American Families Consider Foster Children For Adoption

  • 7/27/2017 2:46:47 PM
  • Emily Ramey
  • Local News

COLUMBUS, OH – More Americans are considering children in foster care when looking to adopt.

By the time Olivia was 10 years old, she’d spent more than half her life in foster care. “It was painful because I never knew what was going to happen,” she said. “I never knew if I was going to get to stay or if I would have to move again.” 

Unfortunately for Olivia, she was forced to move from house to house for seven years while living in foster care. Just as she was getting settled, she’d have to pick up and leave. Until the day she met Dwain and Lorie Hargis.  

“I had never even imagined adoption, not at any point in my life,” said Lorie. “But this felt absolutely natural, like she belonged here and was meant to be a part of our family.” 

The transformation that took place in the Hargis home reflects a shift in attitudes across the country when it comes to adopting children in foster care.  

According to a new national survey conducted by Nielson on behalf of the Dave Thomas Foundation for Adoption, 25 percent of people who have not adopted in the United States have considered adoption. Of those individuals, nearly 80 percent have considered foster care adoption, which is up 7 percent from 2012 and an all-time high. 

“There is a much more robust conversation in this country about children in foster care than in the past, which is giving more children hope,” said Rita Soronen, President & CEO of the Dave Thomas Foundation for Adoption. “These children are just like any other child. They’ve simply had a rough start in life, but they are available for adoption and deserve a permanent family and a safe home.”   Currently, there are more than 110,000 children in foster care in the United States who are waiting to be adopted. Sadly, each year more than 20,000 children age out of foster care without a family, putting them at risk for negative outcomes like homelessness and unemployment. The Dave Thomas Foundation for Adoption is unique in that it focuses on finding adoptive families for children in foster care, specifically older children, sibling groups and children with special needs. Most of the children served by the Foundation have been in foster care for more than five years.  

“Our caseworkers do an extensive analysis of these children, talking to their teachers, social workers who’ve had interactions with them and even former foster families, trying to match the child with the perfect family,” said Soronen. “It is a very thorough approach, but one that’s extremely rewarding when we’re able to find them a permanent home.”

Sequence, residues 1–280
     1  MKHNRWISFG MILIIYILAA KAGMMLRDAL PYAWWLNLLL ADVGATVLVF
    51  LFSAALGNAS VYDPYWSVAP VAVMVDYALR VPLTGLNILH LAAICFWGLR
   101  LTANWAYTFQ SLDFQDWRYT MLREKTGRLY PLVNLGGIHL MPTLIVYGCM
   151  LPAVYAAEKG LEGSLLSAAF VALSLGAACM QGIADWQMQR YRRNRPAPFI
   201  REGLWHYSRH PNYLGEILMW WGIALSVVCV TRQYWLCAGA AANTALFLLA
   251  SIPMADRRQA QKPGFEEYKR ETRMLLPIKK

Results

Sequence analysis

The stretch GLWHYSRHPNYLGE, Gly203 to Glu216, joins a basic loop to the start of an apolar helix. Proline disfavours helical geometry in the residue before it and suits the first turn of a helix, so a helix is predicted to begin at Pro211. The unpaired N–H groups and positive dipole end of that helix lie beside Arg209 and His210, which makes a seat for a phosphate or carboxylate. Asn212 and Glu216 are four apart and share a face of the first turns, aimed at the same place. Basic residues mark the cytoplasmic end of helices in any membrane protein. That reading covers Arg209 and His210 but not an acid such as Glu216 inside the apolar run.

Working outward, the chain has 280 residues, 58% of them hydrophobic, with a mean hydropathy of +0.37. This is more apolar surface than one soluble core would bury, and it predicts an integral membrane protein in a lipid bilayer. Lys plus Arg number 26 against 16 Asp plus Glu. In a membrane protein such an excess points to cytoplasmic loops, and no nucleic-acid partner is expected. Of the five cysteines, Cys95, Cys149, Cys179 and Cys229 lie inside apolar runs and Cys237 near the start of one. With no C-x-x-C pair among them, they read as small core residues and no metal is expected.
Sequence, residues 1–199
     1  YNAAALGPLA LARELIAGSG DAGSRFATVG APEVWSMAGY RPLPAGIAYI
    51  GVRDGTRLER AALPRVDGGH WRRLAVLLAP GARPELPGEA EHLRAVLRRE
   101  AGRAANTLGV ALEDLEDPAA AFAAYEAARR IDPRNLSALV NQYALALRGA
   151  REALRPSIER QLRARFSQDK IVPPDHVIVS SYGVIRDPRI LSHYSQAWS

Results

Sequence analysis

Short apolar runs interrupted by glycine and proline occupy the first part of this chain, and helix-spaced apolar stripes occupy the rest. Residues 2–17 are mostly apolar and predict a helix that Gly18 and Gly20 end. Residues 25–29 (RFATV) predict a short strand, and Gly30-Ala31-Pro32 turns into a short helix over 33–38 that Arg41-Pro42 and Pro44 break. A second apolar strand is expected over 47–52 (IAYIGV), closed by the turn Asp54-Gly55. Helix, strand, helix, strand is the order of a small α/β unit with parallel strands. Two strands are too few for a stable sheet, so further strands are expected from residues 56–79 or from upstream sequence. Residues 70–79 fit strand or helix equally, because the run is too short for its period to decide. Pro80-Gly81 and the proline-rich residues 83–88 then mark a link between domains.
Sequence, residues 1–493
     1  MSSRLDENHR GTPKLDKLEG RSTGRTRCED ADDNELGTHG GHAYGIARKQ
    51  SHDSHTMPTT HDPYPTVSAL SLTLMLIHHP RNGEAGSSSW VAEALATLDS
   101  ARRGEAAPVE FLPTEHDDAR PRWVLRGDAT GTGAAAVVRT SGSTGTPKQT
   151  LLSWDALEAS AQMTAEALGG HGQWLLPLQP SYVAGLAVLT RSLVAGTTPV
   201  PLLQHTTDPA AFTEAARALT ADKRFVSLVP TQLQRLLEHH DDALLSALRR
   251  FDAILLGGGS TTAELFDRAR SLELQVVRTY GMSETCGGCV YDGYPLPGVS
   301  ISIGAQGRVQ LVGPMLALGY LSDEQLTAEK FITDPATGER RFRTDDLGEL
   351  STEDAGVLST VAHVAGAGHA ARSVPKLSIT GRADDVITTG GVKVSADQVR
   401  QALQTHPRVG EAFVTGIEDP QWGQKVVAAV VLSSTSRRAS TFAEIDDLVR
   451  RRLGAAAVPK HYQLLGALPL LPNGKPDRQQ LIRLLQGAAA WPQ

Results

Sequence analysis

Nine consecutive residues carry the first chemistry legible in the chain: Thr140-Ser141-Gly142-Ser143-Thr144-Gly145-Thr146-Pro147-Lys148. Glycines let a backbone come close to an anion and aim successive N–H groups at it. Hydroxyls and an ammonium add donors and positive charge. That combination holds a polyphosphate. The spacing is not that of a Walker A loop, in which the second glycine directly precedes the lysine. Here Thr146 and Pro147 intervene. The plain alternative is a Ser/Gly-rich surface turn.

Among the other findings from the survey, 80 percent of Americans understand that children are in foster care because of abuse or neglect, and through no fault of their own. Fifty-eight percent also agree that every child is adoptable, up from 51 percent in 2012. The Foundation is thrilled to see this particular shift in attitude and will continue its long-standing and passionate awareness campaign that is helping Americans to see that unadoptable is unacceptable.  “Every child is adoptable,” said Lorie Hargis. “Every child deserves to have a family to love and care for them. I don’t know where I would be without my adopted children because they have enriched my life so much.” 

In a few short years, Dwain and Lorie Hargis, who had never even considered adoption, now have a home full of adopted children. And Olivia, who’d spent most of her life moving from house to house, has never felt more at home. 

“I now have my own family,” said Olivia. “And with the support of mom and dad, we can all achieve what we want to achieve. We can climb mountains.”   “The Hargis family really personifies not only our mission, but the findings of the survey we conducted,” said Soronen. “The change in attitudes we’re seeing when it comes to adopting children in foster care is encouraging and life changing.” 

The Dave Thomas Foundation for Adoption is a national nonprofit public charity dedicated exclusively to finding permanent homes for the more than 130,000 children waiting in North America’s foster care systems. To learn more, visit or call 1-800-ASK-DTFA. 

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